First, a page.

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Aging Part 1 of 3: The Longevity Genes Project
It is strange to think of aging as a project, isn't it? Yet, because it is something that we as biological creatures all face, we are fascinated by it. How does it work? Why is it different from person to person? Can we slow it down or stop it?
So many questions abound around aging, geriatrics and gerontology is a fast growing field of research and planning. Aside from humankind's natural curiosity in the possibility of immortality, the study of aging could hold secrets to combating diseases. It is not just a simple proposition.
At a minimum, as the human population is living much longer than it did even 100 years ago, societies are looking to make quality of life core to the experience of growing older.
Why is aging so tricky? Is it nature - are we born with a certain shelf life ingrained in our DNA, or is it nurture - can we slow it down by controlling our surroundings? Or, is there the possibility of something even more as technology allows humans to do and think things we never though possible before? Join us for this three-part look at "the State of Aging" as we know it.
The Longevity Genes Project
There is a study underway at the Albert Einstein College of Medicine of Yeshiva University in New York that poses the question of whether it is possible for us to grow old without a painful decline, and enjoy a healthy and engaged old age.
Their study looks at "Super Agers" - elderly participants between 95 to 122 years of age. What can they tell us about aging? The study has looked at some 500 healthy elderly people and what their genetic make up might reveal about aging.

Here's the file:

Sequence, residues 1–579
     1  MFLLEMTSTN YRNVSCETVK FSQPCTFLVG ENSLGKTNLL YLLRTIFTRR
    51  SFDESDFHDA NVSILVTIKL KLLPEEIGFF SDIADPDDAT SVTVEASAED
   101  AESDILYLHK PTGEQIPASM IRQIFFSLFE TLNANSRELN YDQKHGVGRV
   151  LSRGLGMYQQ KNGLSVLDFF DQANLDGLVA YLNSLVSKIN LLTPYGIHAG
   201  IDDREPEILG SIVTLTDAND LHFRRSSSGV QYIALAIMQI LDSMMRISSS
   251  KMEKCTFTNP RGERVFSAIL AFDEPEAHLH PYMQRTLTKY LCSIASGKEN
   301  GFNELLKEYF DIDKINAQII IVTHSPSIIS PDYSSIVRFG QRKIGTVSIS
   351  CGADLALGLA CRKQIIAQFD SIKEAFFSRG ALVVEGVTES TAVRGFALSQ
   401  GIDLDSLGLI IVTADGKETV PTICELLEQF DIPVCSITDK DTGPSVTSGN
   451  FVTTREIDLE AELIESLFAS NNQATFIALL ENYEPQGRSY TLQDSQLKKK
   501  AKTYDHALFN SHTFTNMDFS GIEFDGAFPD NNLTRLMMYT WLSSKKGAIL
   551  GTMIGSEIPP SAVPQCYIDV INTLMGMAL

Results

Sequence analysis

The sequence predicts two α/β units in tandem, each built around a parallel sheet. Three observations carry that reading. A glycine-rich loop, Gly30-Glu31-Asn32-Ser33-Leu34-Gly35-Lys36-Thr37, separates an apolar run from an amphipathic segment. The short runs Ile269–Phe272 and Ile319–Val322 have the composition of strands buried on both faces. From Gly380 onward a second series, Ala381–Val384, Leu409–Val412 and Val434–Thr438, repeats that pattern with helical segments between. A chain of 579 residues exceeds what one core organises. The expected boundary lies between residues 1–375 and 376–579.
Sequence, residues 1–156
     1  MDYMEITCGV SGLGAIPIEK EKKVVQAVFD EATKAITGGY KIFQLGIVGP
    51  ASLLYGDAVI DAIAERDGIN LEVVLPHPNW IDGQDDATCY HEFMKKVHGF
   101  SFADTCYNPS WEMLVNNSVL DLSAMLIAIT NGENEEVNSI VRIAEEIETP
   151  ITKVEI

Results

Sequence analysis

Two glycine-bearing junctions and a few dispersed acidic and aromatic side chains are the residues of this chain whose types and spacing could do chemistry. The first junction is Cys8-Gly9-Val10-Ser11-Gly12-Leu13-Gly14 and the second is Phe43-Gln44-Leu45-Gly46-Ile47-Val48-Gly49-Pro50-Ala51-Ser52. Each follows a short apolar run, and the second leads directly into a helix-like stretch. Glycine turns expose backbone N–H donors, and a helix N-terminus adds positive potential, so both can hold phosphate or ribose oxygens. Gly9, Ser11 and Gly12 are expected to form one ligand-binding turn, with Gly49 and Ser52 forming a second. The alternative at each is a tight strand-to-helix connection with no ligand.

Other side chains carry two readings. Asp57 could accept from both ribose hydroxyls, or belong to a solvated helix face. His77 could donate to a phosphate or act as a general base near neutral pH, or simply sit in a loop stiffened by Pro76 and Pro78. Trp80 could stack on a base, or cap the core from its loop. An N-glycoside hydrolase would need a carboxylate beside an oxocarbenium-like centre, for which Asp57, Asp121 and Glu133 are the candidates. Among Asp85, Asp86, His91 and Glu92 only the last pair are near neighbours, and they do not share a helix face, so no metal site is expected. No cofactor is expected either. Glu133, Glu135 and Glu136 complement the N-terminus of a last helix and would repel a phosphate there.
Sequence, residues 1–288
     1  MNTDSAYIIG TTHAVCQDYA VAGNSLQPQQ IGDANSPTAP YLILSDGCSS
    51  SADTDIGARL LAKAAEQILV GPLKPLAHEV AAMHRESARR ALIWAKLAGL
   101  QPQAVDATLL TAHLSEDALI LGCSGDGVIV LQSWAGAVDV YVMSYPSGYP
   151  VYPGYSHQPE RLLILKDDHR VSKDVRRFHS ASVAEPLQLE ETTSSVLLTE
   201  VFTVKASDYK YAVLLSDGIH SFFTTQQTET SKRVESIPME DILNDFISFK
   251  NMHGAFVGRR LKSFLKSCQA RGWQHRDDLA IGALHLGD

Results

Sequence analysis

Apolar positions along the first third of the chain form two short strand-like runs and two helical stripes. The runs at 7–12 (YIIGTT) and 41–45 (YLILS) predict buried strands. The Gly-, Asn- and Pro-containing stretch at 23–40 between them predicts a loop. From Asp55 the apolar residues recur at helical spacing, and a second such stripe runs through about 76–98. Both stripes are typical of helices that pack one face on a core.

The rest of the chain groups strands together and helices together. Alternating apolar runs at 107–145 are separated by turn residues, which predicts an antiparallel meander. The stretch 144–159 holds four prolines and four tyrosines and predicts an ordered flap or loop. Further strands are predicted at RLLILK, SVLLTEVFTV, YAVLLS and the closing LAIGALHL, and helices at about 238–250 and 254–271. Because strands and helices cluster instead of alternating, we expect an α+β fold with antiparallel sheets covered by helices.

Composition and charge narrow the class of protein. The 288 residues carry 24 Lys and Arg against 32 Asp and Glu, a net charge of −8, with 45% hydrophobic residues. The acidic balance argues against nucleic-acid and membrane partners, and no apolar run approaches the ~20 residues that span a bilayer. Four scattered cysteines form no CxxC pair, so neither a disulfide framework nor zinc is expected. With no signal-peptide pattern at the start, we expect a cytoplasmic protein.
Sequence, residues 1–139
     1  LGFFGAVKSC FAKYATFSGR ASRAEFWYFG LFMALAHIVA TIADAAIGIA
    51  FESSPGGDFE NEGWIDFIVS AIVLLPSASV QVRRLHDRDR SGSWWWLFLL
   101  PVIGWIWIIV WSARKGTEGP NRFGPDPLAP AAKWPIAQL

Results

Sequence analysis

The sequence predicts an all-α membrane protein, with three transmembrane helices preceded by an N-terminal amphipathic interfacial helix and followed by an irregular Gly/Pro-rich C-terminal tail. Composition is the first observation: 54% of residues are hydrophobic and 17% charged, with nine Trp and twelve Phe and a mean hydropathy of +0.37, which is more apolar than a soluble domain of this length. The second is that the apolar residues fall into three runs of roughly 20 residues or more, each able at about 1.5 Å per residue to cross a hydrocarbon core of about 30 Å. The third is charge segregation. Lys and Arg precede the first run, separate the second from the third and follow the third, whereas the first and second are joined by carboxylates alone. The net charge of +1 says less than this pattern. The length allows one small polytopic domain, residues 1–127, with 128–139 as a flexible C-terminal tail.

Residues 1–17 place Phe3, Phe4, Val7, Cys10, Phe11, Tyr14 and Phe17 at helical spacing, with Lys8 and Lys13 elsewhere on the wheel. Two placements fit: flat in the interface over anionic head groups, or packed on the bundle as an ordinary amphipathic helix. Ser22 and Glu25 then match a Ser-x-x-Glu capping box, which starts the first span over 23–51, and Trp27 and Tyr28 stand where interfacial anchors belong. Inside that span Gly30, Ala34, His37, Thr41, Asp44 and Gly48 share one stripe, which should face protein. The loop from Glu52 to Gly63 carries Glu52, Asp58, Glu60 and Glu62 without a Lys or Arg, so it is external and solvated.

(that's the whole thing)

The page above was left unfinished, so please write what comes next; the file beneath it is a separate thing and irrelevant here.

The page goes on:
The goal of the project is to tackle aging and the understanding of the process as a quality of life issue. By identifying if there are common genetic markers that Super Agers share, researchers are hoping it could lead to the creation of drugs and therapies to treat things such as Alzheimer's, cardiovascular disease, or even certain kinds of diabetes or cancers.
While most of the people in the study share independence and highly active lifestyles that fall into the nurture category, the Longevity Genes Project is primarily focused on looking at the mechanics of aging. What can the molecular, cell and tissue structure of the participants reveal, and do they share anything with other organisms that also have a long life?
These mechanics of our physical make-up could reveal a way to slow down or "tweak" the aging process for those of us who weren't born with the longevity gene markers the Super Agers may exhibit. Though the assumption is there is a date in which our biology simply won't stand up any more, this project believes through the study of those that are long lived, there is a way to move mankind to a point where we will have more quality time in our lives through longer living with less disease.
Check back next week where we continue our look at the new world of aging and focus on The Manhattan Project.
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